Longer Pieces in Recitals
Carrie L., Michigan
I’d like for students to have some longer pieces for
the recital. Any thoughts on doing this? I could
have students do some variations/arrangements
together into one piece or perhaps have them make up
their own variations for arrangements to add.
Any thoughts on how to address the length question
with parents? I’ve had a couple parents wonder why
the songs are so short.
Elaine F., South Carolina
I have wondered about the short pieces too. After
some thought I decided it was because it didn’t take a
long piece to teach the particular learning tool—and
that when you add the arrangements it does become a
long piece. And with children (I’m not so sure about
adults) the gratification of moving through and
completing a book is worth a lot.
Irene S., Canada
For a Recital last Spring, I had each of the students pick five songs out of a hat. (That way, they would not all be doing the same ones.)
Then I had them connect these five songs into a Medley. (Another words, the songs were connected by a mini melody, or phrase, that the student made up, so that it sounded like it flowed harmonically together. The students each did a remarkable job, and each “Recital Performance” sounded unique!
Sheri R., California
Some reasons for shorter songs I remember hearing before are more variety and experience with different genres more quickly, sense of accomplishment/completion more quickly, learning more strategies, tools, and theory sooner.
To make longer songs I have students putting the V at the end of their blues as a transition into another 12 bars (like the FABE in Light Blue) and they can do that ’til the cows come home. Also improvising just a measure here and there as they are able or a whole 12 bars.
Dreams Arr. 1 as an intro or/and outro to Dreams, same with Night Storm Arr. 1. Also they can make their own variation on a theme and come back to Dreams or Night. All the songs that have arrangements can easily be put together for longer songs such as medleys of Honey Dew arrangements. I don’t know the rules for creating medleys but I’ve found leaving the last note off makes for a better transition into next song, for example, Sleeping into Dreams or vice versa or Night into Deep River or vice-versa. Playing lots of Humpty rhythms for Pipes on any white notes can fit nicely in between the A, B, and C sections.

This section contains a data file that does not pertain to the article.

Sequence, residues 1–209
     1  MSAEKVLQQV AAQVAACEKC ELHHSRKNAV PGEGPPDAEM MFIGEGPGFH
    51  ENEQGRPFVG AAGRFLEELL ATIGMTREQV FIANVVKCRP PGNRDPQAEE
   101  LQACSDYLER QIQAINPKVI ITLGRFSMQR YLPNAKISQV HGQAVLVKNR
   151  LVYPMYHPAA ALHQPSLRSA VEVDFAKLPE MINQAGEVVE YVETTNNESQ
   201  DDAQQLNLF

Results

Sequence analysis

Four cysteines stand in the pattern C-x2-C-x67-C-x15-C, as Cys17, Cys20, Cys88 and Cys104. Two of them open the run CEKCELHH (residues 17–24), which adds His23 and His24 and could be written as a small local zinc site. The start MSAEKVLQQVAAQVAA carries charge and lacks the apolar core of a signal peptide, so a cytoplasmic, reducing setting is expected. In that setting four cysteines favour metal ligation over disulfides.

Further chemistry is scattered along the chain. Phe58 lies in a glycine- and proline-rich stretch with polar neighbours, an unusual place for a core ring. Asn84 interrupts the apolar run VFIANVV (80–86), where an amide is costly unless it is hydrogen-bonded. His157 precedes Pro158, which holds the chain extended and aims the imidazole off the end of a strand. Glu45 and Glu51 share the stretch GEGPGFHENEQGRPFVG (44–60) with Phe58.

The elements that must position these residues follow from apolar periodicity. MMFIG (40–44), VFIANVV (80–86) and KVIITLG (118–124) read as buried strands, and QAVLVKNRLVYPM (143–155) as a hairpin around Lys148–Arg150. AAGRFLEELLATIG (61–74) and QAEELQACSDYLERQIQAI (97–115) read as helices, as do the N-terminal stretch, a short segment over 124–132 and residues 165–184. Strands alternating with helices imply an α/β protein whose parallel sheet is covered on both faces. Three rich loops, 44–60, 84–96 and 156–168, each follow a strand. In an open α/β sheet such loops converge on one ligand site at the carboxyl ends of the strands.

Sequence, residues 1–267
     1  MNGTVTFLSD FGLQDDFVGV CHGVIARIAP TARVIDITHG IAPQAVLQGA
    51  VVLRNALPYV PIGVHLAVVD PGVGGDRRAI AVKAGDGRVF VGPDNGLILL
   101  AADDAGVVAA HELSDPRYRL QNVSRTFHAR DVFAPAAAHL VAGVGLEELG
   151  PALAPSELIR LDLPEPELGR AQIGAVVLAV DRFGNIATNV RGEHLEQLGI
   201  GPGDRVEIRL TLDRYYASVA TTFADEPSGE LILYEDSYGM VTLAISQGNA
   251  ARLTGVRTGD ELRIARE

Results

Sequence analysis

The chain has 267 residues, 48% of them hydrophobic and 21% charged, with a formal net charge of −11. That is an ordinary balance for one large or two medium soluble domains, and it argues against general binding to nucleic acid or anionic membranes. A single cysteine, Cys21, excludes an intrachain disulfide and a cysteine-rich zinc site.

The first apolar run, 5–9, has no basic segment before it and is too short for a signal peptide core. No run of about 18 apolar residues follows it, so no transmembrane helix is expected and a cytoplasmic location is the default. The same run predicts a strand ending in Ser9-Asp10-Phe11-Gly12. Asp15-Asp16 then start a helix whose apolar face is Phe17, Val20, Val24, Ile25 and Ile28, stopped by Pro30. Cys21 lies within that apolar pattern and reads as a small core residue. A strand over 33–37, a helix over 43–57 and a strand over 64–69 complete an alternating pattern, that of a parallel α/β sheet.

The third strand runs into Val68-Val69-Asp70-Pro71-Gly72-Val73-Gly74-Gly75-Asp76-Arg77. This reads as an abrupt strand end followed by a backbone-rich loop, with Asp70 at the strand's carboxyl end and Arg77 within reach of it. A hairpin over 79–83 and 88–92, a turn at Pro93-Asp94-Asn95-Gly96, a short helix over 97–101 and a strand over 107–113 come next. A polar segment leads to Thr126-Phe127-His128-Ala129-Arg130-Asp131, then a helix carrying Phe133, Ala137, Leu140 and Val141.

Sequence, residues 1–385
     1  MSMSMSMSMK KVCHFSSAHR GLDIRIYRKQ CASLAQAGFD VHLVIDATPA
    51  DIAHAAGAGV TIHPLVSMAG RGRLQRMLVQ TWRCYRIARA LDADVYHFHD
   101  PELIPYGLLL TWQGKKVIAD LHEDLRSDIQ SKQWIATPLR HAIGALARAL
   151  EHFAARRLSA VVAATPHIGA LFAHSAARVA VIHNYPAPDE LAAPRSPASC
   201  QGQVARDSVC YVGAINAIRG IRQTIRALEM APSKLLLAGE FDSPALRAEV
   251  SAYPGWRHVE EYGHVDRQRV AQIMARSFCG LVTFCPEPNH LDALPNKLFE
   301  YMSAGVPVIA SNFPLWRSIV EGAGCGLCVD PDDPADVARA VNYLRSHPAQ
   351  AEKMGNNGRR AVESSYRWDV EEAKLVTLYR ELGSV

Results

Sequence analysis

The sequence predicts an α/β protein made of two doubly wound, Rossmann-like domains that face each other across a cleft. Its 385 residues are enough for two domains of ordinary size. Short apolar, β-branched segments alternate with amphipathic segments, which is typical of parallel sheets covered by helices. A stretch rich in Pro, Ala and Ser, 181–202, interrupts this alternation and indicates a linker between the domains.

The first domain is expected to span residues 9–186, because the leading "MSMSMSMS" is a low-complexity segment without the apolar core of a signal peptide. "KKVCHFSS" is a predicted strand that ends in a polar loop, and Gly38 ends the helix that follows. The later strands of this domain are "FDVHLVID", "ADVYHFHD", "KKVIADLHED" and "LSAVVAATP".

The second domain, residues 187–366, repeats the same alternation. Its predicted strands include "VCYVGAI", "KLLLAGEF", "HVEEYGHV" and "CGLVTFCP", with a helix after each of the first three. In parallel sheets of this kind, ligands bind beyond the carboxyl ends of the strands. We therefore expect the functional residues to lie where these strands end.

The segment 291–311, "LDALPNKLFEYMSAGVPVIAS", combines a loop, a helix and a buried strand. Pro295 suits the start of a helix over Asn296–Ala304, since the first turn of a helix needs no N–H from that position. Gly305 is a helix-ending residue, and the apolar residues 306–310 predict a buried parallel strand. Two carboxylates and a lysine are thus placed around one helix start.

Playing the three verses of Amazing Grace in three different keys and for more advanced students with the transition on last beat of each verse using the V chord of the next key for a more seamless transition.
Playing a song exactly the same but up or down an octave on the second run through and maybe back to home on the third time.
Just a few ideas. . .hope to hear more!
Janita P., Nebraska
We had our Spring Fling today and it went well with each student putting together a program for five minutes.
I called it their “Five Minutes of Fame”.
Duets, compositions, improv, ARR/VAR, medleys, family bands, etc. were encouraged; along with varied genres.
I likened it to serving a well-rounded, gorgeous and colorful-looking meal when I came to their house for dinner.
I was very pleased today with the musicality of the students’ programs. It brought tears to my eyes.
The venue was a classy local Bookstore with a beautiful grand piano with lots of windows, sunlight and interesting books.
We used the room for 3.5 hours as it is a “Come and Go” recital.
The parents arrive 15 minutes before their child plays and stay for at least 15 more minutes; some families stayed longer according to their schedules.
Natural breaks were planned so the flow of traffic is least disruptive to the students. At two periods in the schedule, we had 15 minute breaks for socializing, refreshments, congratulatory remarks, traffic flow, etc. Also, I spoke after every third or fourth student so it gave parents time to
leave without being embarrassed or disruptive.
When students have five minutes to play, it gives the audience more of a true picture of their talent and hard work, plus it makes it worth the families’ time to come to a recital.
With what other piano program could you have a beginner of ten weeks play a repertoire in public for five minutes?!
Laurie R., Nebraska
Neil addresses why the songs are brief, in the Level 7 TTP video during Church Song. Specifically, during the 7.3.2 section.
Original discussion started February 17, 2009